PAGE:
In John 4, Jesus addresses this age old problem when He comes upon a woman standing by a well. There are a lot of things we can take away from this encounter, but it does us well just to get down to the brass tacks. The woman Jesus encounters offers him a drink from the well; in return he offers her abundant life. While she tries to steer the conversation to religion, Jesus pushes further. She acknowledges that she has been trying to find her happiness from bouncing from one man to the next (perhaps this is why she was at the well alone at the hottest part of the day. Perhaps avoiding the other women in town?) He tells her that the well she has been pulling from will always leave you thirsting for more, but he offers a well that will never run dry.
Like it or not, we are all that woman standing next to a broken well. If you aren’t now, you were once, and it would do us good to remember when we were in that position, as we encounter new comers to the well. Day after day we have come trying to quench our thirst, only to find our throats dry once again. No matter how hard we try to fill the void of what we have lost, of the pain of our brokenness, we remain empty. As we try and pour money and possessions on our broken families, failed business, our everyday trials, our souls simply digest and dispose leaving tomorrow to end with the same feeling of hunger. It’s a viscous cycle that has become our reality, the norm. Yet, God never intended for his children to find their sustenance in this way.
In Psalms 34 we receive the ultimate invitation:
“Oh taste and see that the Lord is good!” (Psalms 34:8a ESV)
This isn’t just an invitation to come and sample what a new restaurant in town has to offer. This is the same invitation that Jesus offers to the woman at the well, the same thing he offers the thief on the cross, the same thing he is offering us today. He is offering rescue. Psalms 34 continues by stating:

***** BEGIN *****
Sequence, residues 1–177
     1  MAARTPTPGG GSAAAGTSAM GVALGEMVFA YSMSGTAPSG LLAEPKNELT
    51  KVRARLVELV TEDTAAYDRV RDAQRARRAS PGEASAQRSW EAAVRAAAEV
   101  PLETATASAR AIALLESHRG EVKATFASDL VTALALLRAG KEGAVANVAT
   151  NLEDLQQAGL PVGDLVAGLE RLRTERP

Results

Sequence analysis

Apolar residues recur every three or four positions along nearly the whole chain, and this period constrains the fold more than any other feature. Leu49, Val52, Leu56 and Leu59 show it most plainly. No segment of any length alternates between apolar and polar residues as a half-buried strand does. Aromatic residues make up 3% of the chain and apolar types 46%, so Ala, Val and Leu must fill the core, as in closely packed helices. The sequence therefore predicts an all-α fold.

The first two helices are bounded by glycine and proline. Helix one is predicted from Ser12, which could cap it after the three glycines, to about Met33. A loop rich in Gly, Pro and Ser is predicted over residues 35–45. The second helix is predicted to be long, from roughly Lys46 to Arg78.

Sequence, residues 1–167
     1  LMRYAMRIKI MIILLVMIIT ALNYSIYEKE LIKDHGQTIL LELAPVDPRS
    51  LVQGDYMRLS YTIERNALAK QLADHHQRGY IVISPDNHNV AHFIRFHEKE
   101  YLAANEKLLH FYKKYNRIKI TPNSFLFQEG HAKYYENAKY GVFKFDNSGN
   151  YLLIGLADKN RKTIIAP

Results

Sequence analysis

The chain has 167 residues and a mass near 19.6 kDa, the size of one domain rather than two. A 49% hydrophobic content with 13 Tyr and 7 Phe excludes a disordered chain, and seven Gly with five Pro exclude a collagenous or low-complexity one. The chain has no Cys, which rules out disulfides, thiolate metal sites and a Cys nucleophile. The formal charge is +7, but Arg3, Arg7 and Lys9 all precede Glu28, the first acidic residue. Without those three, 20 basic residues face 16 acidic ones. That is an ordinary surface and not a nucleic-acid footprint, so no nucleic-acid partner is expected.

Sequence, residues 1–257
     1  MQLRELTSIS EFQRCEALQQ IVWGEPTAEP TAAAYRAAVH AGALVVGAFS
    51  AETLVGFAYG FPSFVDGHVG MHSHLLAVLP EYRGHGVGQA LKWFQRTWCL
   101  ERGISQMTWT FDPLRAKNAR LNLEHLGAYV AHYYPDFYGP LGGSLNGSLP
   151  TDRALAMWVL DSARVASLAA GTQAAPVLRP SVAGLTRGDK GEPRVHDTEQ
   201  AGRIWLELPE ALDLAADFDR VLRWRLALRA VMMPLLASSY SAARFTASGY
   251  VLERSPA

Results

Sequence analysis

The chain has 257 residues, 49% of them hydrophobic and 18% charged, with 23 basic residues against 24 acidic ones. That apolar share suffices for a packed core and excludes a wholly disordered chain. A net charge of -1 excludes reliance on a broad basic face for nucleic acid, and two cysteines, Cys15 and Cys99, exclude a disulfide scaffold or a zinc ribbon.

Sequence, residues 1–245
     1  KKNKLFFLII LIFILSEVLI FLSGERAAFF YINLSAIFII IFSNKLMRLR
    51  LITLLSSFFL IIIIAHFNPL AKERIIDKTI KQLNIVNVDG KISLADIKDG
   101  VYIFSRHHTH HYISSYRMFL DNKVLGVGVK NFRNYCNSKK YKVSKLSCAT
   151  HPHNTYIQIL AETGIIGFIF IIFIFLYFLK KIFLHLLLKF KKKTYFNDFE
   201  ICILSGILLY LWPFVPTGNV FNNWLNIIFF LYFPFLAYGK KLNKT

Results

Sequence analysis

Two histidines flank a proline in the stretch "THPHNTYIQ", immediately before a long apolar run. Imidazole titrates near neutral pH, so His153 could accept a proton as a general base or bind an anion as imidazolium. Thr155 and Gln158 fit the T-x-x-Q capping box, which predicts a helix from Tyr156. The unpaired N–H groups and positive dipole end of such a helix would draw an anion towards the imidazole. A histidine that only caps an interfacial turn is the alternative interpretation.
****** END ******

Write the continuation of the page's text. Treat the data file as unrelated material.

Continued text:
“Blessed is the man who takes refuge in him (the Lord)!” (Psalms 34:8b, ESV)
Or as Eugene Peterson puts it:
“Blessed are you who run to him!” (the Message)
God is crying out to us, he longs for us to run to him in our times of trouble, in our moments of need. In the same way, God cried out in the Old Testament, for the children of Israel to return to the provisions he had promised to supply. In Jeremiah God proclaims:
“My people have committed two evils; they have forsaken me, the fountain of living water, and hewed out cisterns for themselves, broken cisterns that can hold no water.” (ESV, emphasis added)
When you are “thirsty” where do you run to drink? Where do you find your joy, your hope, your peace? If it’s in anything other than Christ Jesus and his living word and Spirit, you will always be thirsty for more. The things we run too, end up being what God called “broken cisterns that can hold no water.” These are wells we’ve dug for ourselves to temporarily mimic pleasures that God wants to give in eternal form. These “cisterns” will always run out. It is time we stop forsaking our Father. Let God do for you what he longs to do. Let him lead you beside still waters, and let you drink from “Living water” only he can provide.
Grace and Peace to you.